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Quarantine on cruise ship in Japan comes under question

Cruise ship 'an incubator'

An extraordinary two-week quarantine of the Diamond Princess cruise ship ends Wednesday, with thousands of passengers and crew set to disembark over the next several days in the port of Yokohama, near Tokyo.

A growing number of scientists, however, say the ship served as an incubator for a worrying new virus from China instead of a quarantine facility meant to prevent the worsening of an outbreak that has sickened tens of thousands.

As of Tuesday, 542 cases of the virus have been identified among the 3,711 quarantined passengers and crew, making the ship the site of the most infections outside of China.

The question now is: Why?

The Japanese government has repeatedly defended the effectiveness of the quarantine. But some scientists suggest that it may have been less than rigorous.

In a possible sign of lax quarantine protocols, three Japanese health officials who helped in the quarantine checks on the ship were also infected.

“I suspect people were not as isolated from other people as we would have thought,” said Dr. Paul Hunter, a professor of medicine at the University of East Anglia in England.

Japan’s health minister, Katsunobu Kato, told reporters Tuesday that all passengers who remained on the cruise ship have had their samples taken and that those who tested negative would start getting off the vessel beginning Wednesday, when their required 14-day quarantine is scheduled to end.

“They all want to go home as early as possible, and we hope to assist them so that everyone can get home smoothly,” Kato said.

The process is expected to take until Friday because of the large number of people involved.

“Obviously the quarantine hasn't worked, and this ship has now become a source of infection,” said Dr. Nathalie MacDermott, an outbreak expert at King's College London.

She said the exact mechanism of the virus' spread was unknown.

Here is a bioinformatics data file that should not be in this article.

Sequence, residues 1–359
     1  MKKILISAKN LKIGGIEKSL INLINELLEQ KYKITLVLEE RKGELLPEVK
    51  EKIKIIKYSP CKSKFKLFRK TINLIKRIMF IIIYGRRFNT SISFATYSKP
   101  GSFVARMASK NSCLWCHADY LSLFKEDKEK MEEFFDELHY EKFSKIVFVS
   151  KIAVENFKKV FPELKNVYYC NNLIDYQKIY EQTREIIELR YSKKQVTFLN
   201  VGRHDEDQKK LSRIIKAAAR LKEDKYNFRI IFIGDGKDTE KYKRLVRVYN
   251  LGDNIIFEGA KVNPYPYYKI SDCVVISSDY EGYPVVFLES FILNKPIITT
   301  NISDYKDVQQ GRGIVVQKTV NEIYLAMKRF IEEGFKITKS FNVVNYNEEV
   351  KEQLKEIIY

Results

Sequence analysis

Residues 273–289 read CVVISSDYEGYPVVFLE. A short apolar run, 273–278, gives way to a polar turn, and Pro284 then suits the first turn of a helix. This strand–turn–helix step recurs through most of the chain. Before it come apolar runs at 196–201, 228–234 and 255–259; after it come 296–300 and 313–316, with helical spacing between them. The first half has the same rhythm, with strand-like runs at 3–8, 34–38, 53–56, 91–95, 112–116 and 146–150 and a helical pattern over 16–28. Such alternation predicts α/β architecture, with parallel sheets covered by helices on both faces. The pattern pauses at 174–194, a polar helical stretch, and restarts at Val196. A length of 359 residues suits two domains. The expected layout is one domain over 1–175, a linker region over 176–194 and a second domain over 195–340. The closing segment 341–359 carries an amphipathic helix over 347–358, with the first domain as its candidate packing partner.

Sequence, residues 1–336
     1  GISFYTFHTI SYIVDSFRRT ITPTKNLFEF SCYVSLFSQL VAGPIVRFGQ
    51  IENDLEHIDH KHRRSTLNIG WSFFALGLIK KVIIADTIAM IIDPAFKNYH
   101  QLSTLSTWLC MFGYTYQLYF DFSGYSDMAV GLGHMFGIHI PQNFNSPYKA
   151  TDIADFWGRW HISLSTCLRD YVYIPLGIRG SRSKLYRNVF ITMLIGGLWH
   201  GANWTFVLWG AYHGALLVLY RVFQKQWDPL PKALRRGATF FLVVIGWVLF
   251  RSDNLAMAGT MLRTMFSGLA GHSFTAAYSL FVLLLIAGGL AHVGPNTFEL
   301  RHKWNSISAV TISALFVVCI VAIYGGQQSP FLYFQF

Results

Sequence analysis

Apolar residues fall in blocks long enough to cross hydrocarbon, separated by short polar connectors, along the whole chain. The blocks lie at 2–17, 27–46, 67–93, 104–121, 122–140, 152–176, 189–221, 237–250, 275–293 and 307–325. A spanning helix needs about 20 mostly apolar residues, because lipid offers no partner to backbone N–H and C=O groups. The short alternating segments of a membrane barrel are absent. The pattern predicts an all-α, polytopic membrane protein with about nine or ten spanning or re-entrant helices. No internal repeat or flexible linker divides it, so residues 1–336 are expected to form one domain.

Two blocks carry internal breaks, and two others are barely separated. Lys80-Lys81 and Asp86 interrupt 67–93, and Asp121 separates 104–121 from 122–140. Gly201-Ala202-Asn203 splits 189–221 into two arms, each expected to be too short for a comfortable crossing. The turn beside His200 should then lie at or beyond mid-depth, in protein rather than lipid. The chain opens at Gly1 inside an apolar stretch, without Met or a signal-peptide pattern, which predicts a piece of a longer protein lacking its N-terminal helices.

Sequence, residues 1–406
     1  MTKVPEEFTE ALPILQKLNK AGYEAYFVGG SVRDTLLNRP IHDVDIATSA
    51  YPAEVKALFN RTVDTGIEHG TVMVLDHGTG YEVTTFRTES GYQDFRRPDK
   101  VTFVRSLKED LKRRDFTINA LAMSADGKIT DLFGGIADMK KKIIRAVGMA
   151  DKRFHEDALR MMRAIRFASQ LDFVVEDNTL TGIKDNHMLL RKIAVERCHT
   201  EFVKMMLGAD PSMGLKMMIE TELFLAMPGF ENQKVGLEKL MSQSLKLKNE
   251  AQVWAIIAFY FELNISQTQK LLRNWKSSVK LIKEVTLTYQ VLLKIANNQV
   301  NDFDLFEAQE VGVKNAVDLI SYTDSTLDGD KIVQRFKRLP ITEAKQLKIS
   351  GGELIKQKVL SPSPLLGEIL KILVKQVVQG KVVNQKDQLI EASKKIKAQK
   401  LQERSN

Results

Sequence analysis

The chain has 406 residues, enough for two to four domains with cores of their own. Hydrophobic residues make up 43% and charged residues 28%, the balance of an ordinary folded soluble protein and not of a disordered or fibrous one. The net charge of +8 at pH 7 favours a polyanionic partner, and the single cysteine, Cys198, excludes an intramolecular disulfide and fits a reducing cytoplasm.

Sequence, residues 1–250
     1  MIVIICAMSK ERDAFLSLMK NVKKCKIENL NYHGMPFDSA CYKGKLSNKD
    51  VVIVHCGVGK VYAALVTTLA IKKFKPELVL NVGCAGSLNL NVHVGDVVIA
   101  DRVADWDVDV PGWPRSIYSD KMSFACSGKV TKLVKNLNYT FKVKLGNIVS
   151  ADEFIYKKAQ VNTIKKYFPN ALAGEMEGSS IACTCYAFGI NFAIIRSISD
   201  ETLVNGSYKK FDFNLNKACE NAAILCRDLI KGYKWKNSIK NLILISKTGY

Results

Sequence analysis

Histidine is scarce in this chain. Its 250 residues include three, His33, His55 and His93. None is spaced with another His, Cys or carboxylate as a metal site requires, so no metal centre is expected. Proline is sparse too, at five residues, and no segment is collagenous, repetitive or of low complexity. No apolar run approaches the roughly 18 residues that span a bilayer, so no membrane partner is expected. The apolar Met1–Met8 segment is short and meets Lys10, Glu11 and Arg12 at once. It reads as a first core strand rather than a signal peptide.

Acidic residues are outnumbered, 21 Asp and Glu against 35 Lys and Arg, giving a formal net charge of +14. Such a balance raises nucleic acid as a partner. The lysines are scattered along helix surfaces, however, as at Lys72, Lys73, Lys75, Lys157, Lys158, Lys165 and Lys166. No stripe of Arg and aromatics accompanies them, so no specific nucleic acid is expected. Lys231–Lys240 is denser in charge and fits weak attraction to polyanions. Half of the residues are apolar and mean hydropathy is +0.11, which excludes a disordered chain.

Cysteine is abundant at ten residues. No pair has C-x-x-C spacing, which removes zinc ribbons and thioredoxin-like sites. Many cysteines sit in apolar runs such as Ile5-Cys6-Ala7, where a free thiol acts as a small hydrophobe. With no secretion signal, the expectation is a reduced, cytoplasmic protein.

“We need to understand how the quarantine measures on board were implemented, what the air filtration on board is like, how the cabins are connected and how waste products are disposed of,” MacDermott said.

“There could also be another mode of transmission we're not familiar with,” she said, noting the possibility of environmental spread and the importance of “deep-cleaning” the entire ship to prevent people from touching contaminated surfaces.

During the 2002-2003 outbreak of SARS, a related virus, experts discovered that more than 300 people were infected through a defective sewage system in a Hong Kong housing estate. MacDermott said it was possible there was a similar issue aboard the Diamond Princess, but that a full investigation was needed.

“There's no reason this should not have worked if it had been done properly," she said.

Some passengers on the Diamond Princess described the ship as a “floating prison” but were allowed to walk on the decks every day while wearing a mask and were told to keep their distance from others.

Hunter, the medicine professor, said the continued spread of the virus could be due to compliance problems.

“It's difficult to enforce a quarantine in a ship environment, and I'm absolutely sure there were some passengers who think they're not going to let anyone tell them what they can and cannot do,” he said.

Hunter said it was “a huge disappointment” that the quarantine hadn't curbed the spread of the virus and that it was unfortunate some passengers returning to their home countries would now face a second period of isolation.

“Given how the virus has continued to spread, we have to presume everyone leaving the ship is potentially infected, and therefore they have to go through another two-week quarantine period,” he said. “Not to do so would be reckless.”



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